Scenes often reminiscent of famous’ artists works
Sooner or later every artist comes round to the question of color.
Once Claude Monet confessed, “Color is my daylong obsession, joy and torment.” In his numerous versions of water lilies, Monet painted with lead white, French ultramarine, cobalt blue, red lakes, emerald green, three varieties of yellow, and cobalt violet on white canvases. He found light “terrifying,” possibly because it changed so quickly.
Light was a prime consideration for Dutch artists such as Rembrandt van Rijn. He used dark earth tones and dull whites in his landscapes, which reflected the diminished light in the northern landscape for much of the year.
Another Dutch artist, Vincent Van Gogh, started out with a subdued palette, which then exploded with color after his move to Paris. There, Impressionists such as Auguste Renoir were creating sun-filled outings, including the Boating Party. Like Monet, color became an obsession for Van Gogh.
Bold color was the hallmark of the Fauvists, the so-called “wild beasts” of French painting. Henri Matisse believed that colors were “forces to be assembled as inspiration dictates.” Later, Mark Rothko’s paintings evoked light in large blocks of colors. The Rothko Room at the Phillips Collection in Washington, D.C., is a meditative experience.
Other artists, especially photographers, rejected color altogether. At first, technology determined whether photographers could step out of black and white into the color mode. And when color seemed counterproductive, some — including Ansel Adams, chronicler of the Western landscape — chose to stay in black and white. A lifelong conservationist, Adams set the standards for black and white photography, which nature photographers follow today. In Florida, conservationist Clyde Butcher has created monumental black and white landscapes of the Everglades.
I cut my teeth on black and white. In 1963, on my first day at work for a Navy magazine in Washington, my boss handed me the office Rolleiflex, and with a few hasty instructions, sent me out on assignment.
I loved taking photographs. Every day. Everywhere. I bought a Nikon, started a sideline photography business and worked part time for the Washington Starnewspaper. When I moved to West Africa in the late 1960s, a thief stole my precious Nikons. Not able to afford new ones, I went on to other things. Then in Florida in 2001, I bought a camera for my daughter and, suddenly, had to have one for myself.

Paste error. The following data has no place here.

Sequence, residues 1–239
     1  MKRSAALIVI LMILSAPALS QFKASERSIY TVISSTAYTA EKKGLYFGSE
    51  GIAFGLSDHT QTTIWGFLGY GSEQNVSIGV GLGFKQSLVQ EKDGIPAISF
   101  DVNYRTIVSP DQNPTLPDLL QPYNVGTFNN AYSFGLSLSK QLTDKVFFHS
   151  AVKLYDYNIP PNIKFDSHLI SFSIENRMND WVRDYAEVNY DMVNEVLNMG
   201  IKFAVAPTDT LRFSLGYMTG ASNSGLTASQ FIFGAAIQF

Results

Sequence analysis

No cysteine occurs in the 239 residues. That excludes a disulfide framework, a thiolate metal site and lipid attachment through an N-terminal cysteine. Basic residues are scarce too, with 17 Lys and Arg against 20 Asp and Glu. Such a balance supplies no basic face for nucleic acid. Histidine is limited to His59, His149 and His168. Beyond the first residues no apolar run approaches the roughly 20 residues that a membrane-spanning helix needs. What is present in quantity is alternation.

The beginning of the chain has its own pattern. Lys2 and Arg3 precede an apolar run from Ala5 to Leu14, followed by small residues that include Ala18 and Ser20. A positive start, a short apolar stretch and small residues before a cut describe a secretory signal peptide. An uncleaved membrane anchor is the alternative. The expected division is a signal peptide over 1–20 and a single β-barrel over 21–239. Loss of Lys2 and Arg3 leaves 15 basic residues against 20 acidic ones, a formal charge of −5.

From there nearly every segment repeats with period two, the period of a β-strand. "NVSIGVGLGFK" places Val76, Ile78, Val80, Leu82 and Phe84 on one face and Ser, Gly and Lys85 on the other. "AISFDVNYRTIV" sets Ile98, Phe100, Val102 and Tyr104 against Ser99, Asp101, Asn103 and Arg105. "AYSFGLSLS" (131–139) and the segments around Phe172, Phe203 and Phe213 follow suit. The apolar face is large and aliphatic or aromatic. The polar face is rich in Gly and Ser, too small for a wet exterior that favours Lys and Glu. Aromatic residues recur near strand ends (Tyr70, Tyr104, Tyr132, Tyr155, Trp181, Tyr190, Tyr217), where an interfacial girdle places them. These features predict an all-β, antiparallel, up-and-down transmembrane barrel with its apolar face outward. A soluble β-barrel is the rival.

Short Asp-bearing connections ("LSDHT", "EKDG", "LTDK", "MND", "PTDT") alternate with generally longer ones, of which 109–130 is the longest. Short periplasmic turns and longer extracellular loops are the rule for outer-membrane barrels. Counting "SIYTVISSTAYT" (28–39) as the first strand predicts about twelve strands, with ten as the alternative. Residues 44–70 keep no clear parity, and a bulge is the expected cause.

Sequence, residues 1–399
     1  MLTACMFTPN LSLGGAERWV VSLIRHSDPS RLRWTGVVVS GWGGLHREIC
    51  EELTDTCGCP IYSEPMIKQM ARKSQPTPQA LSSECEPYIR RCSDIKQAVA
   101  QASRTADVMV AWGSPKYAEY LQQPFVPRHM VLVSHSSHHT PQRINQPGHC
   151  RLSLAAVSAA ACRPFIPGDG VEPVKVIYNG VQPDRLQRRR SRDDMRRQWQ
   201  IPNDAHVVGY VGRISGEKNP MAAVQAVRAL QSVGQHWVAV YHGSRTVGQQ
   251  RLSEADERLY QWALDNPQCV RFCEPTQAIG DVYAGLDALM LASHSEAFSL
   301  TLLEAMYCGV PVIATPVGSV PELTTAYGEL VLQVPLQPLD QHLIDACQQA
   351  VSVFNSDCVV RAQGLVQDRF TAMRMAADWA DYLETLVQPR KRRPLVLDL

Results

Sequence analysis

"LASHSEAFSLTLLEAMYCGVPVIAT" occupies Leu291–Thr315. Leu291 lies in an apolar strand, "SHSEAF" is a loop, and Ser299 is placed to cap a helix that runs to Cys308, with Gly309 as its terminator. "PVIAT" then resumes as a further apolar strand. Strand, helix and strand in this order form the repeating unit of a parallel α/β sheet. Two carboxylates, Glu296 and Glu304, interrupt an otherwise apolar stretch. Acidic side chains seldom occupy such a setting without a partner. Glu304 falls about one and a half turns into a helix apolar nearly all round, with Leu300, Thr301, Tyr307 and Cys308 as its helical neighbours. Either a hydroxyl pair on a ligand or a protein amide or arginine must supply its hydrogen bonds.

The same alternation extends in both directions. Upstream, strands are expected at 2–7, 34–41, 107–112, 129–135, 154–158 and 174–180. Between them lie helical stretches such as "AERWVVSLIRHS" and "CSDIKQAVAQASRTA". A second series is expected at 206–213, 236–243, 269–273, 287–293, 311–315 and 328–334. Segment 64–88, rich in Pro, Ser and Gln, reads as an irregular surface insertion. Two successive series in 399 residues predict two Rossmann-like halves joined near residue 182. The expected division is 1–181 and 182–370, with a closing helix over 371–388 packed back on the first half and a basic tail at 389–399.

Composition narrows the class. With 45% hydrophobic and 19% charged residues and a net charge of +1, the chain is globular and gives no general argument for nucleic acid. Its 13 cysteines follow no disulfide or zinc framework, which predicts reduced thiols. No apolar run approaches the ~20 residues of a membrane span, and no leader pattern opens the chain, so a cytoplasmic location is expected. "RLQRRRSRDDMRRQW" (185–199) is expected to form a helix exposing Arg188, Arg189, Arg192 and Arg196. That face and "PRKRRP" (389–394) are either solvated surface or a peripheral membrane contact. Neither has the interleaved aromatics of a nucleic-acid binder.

It was back to “Every day; everywhere.” In black and white. One day, a pileated woodpecker urged me to make a change. I looked at this beautiful black, white and RED bird and suddenly was a convert to color.
From then on, I saw differently. Florida became a cornucopia of blue and white beaches, a la Renoir; water lilies even Monet would revel in; Fauvist reds of a wildfire. Raindrops on my windshield reminded me of Georges-Pierre Seurat, who depicted landscapes with dots of color. The Rembrandt palette was evoked in the murky greens and browns of an oak hammock on a winter day.
I discovered that color differs throughout the day. Sunrise is pastel pinks with pale blues in the background; sunsets are bold reds, oranges or even purples on a stormy evening. Surprisingly, I found that color gives structure to a scene. Colors can make a photograph three-dimensional or flatten it entirely. Subtle gradations of green create depth (the trail at Sleeping Turtles, for example). Contrasting colors will do the same (the bather against an aquamarine Gulf). Fog flattens.
Color conveys the beauty that is Florida. Every day. Everywhere.
Fran Palmeri is the author of Florida Lost and Found: Nature in the Changing Landscape. Her work can be seen on her website: www.franpalmeri.com and in “Natural Sarasota County in Images,” a virtual presentation celebrating Sarasota County’s Centennial, on www.sarasotacountycentennial.com.